Anyway, the cables are really bendy. We inserted them into the system and we were greeted by fuller bass and greater detail. We listened for quite some time, then—casually, as other friends came and went, we shared music, swapped seats, drank beers, and passed the bag of chips. It was a good time. The music was alive and true, with a remarkable lack of anything approaching etch or glare. The presentation was greatly dependent upon one's position in the room. Sitting just about five feet from the speakers was like sitting on the stage, the performers playing in your face, bass and percussive sounds delivered with outstanding immediacy and impact. You would never, ever—never, ever, ever, ever—guess that you were only hearing maybe three watts. There was no lack of power at all.

"It feels like those bongos are in my sinuses."

The bass, especially, was round and full and as all-encompassing as your grandma's most affectionate embrace—the gentlest pummeling ever. Moving just one foot back, however, set things in a more realistic perspective. The sweetest spot in Komuro's room was about four steps up a short wooden staircase. From there, the sound was exquisite—as welcoming as our host, as distracting as the women on Bedford Avenue.

But, as Michael Lavorgna reminds us, the point of this visit was not the sound. Though the sound could have kept us there all night, it was the people that brought us there. I was very happy to listen to music with this bunch of friends. I hope you'll read Michael's "RoadTour 16: Komuro's VT-52 amp" for another perspective (and many more photos!).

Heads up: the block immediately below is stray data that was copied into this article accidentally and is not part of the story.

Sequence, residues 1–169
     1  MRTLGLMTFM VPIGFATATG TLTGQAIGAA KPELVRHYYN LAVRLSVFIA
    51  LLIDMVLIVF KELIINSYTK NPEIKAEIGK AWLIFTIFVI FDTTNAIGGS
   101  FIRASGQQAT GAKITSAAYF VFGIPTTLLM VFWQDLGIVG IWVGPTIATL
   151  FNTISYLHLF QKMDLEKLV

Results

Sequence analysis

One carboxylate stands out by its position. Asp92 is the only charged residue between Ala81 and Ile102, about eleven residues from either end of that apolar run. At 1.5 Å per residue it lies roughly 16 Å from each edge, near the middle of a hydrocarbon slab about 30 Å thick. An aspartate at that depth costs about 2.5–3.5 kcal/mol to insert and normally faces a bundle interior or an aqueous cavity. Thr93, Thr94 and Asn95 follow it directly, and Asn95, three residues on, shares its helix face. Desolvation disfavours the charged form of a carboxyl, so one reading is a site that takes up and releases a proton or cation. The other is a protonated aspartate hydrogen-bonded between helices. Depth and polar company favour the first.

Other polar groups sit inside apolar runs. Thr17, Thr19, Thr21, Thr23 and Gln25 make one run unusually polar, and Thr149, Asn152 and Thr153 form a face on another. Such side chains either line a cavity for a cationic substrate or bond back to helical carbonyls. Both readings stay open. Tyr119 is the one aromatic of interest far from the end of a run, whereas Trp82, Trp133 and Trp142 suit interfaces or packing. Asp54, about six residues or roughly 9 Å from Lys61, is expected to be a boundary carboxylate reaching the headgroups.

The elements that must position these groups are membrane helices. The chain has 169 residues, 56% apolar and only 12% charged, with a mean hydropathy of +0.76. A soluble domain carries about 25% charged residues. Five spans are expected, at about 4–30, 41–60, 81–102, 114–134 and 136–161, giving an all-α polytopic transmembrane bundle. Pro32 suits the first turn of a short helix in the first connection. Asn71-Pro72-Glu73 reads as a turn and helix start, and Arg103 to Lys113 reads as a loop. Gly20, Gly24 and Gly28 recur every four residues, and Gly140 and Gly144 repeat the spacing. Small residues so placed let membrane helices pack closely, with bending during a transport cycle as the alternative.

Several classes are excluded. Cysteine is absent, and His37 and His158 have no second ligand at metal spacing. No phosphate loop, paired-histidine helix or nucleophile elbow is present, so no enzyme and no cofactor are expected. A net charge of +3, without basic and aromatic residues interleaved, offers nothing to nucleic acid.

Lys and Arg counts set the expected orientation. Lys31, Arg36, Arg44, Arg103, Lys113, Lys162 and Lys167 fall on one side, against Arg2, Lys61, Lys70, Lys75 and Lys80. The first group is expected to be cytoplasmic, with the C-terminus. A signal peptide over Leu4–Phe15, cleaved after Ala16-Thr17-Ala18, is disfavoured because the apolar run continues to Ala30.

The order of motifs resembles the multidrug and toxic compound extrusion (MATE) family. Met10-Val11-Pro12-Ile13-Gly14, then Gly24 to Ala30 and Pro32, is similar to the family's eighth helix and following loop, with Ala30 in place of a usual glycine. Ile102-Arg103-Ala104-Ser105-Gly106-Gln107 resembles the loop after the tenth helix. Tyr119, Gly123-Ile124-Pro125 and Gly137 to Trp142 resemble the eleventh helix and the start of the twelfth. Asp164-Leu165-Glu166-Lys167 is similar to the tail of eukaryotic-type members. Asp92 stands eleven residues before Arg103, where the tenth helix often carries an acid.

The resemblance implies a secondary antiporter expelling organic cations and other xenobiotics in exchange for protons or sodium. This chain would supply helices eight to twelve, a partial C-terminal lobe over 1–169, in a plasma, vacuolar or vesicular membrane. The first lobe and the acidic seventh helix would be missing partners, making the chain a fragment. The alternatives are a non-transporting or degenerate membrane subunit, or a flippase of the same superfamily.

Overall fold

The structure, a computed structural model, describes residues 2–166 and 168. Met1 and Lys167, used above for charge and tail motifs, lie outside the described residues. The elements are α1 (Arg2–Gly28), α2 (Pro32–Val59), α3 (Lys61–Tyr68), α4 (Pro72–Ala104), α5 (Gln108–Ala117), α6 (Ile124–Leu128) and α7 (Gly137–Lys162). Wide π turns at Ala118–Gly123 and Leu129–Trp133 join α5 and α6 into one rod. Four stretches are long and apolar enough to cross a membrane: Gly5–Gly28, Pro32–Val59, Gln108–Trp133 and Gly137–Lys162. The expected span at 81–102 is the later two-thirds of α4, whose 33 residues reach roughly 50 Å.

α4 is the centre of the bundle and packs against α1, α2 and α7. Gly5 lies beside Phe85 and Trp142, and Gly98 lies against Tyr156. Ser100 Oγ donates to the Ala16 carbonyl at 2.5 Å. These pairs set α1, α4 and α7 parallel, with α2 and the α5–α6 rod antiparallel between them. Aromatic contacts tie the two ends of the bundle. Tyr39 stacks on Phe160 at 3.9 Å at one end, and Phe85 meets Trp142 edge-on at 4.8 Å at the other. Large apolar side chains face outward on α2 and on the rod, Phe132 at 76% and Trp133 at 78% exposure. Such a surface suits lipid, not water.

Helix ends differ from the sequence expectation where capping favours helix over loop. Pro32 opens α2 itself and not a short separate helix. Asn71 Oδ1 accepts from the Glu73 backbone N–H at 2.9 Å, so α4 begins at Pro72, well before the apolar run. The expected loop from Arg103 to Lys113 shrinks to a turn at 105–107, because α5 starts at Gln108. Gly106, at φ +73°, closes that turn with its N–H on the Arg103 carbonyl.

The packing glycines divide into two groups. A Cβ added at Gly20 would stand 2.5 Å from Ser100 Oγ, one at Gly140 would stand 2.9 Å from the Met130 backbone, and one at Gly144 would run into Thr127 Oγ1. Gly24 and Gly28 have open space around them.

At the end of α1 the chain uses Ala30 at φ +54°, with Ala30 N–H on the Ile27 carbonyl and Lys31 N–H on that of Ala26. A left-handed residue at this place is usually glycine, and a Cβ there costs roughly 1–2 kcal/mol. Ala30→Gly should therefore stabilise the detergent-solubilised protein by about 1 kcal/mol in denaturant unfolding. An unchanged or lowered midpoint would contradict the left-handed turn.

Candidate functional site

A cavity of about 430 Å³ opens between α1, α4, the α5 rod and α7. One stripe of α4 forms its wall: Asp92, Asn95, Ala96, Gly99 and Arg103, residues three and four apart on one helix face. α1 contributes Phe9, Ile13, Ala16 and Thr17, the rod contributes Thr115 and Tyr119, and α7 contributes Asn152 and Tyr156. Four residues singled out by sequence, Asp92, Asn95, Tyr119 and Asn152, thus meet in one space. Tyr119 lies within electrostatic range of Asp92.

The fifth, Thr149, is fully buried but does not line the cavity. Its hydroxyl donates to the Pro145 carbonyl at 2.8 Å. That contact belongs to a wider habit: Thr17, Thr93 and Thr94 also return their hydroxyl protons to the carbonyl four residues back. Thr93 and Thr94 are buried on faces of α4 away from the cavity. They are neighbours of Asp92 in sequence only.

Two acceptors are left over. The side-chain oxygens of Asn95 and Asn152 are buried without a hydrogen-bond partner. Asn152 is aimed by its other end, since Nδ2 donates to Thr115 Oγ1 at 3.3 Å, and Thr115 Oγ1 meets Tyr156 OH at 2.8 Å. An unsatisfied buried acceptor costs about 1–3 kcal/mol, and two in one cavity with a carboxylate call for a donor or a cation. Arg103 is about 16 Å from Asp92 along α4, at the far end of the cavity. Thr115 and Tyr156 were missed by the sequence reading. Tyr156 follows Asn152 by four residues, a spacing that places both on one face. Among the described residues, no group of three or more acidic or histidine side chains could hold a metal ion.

Kevin Lomax's picture

My wife would be smiling when she'd see that ... err, yeah, what is it? ;-)

Metalhead/audiophile's picture

I like how you hold that big tube, Steven.

JimD's picture

Doesn't your hearing get a little tubby when you are listening from the bottom of an empty Bud can ?

tom collins's picture

This is a great review. Stephen points up that there is no right or wrong approach to this hobby. A little 3 watt set can sound as "right" as a pair of 1 kilowatt monoblocs. I enjoy listening to other people's systems as well. I heard my first SET system a few months ago and it was great. In the same house the lucky fellow also had a full dartzeel solid state setup with gynormous speakers although i can't remember the brand, also outstanding in a different way.And, the people are interesting for their creativity and devotion to the hobby. Also, you remind us that listening can be a fun, social activity instead of just locking yourself in a room with your stereo gear. Very good.